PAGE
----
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Blackhawk Mining is slated Friday to make a pre-packaged Chapter 11 bankruptcy protection filing that the Kentucky-based coal producer says will cut 60% of its debt and enable $150 million in new financing.

Why it matters: It's the latest in a string of coal company bankruptcies, which began before President Trump's tenure but have picked up lately. They signal the challenge he faces in making good on pledges to revive the sector.

Where it stands: Here's a tally of what the firm S&P Global Market Intelligence calls major U.S. coal company bankruptcies since the start of 2017...

  • Blackjewel, July 1, 2019
  • Cambrian Holding, June 16, 2019
  • Cloud Peak Energy, May 10, 2019
  • Trinity Coal, March 4, 2019
  • Mission Coal, Oct. 14, 2018
  • Westmoreland Coal, Oct. 9, 2018
  • Armstrong Energy, Nov. 1, 2017

But, but, but: While the industry's long-term decline in power markets is well-known, it doesn't explain all the problems in the wider industry that's facing significant debt.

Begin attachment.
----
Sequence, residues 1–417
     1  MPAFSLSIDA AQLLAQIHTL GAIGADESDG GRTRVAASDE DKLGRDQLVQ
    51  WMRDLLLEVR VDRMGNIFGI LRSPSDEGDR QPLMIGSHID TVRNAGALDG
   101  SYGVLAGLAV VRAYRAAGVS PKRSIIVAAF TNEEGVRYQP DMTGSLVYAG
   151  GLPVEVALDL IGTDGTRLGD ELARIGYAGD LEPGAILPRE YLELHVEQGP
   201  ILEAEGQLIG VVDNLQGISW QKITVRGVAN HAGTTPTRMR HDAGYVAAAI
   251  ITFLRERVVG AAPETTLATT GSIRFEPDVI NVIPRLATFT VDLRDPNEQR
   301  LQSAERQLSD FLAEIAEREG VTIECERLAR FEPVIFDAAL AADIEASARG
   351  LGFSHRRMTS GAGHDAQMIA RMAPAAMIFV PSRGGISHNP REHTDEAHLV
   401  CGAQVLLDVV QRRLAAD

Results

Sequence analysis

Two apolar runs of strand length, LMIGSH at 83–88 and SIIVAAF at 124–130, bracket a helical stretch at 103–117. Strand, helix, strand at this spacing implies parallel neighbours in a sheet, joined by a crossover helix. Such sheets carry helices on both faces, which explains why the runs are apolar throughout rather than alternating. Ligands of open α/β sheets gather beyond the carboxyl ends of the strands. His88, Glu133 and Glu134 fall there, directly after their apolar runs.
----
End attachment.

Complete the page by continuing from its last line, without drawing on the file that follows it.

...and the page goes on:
• For one thing, Blackhawk and some others who filed for bankruptcy produce metallurgical coal used in steelmaking.

What's next: Wood Mackenzie coal analyst Tony Knutson says that "we expect Blackhawk will make it through restructuring without any issues."

  • "The market is better. It's OK domestically and on a little bit of a downswing right now in Europe and globally, but it is definitely a lot stronger than any of the thermal markets," he tells me.

Go deeper, via S&P Global: Met coal producer Blackhawk Mining filing for a bankruptcy court restructuring

Go deeper

Janet Yellen confirmed as Treasury secretary

Janet Yellen. Photo: Alex Wong/Getty Images

The Senate voted 84-15 to confirm Janet Yellen as Treasury secretary on Monday.

Why it matters: Yellen is the first woman to serve as Treasury secretary, a Cabinet position that will be crucial in helping steer the country out of the pandemic-induced economic crisis.

Dan Primack, author of Pro Rata
3 hours ago - Economy & Business

Scoop: Red Sox strike out on deal to go public

Illustration: Sarah Grillo/Axios

The parent company of the Boston Red Sox and Liverpool F.C. has ended talks to sell a minority ownership stake to RedBall Acquisition, a SPAC formed by longtime baseball executive Billy Beane and investor Gerry Cardinale, Axios has learned from multiple sources. An alternative investment, structured more like private equity, remains possible.

Why it matters: Red Sox fans won't be able to buy stock in the team any time soon.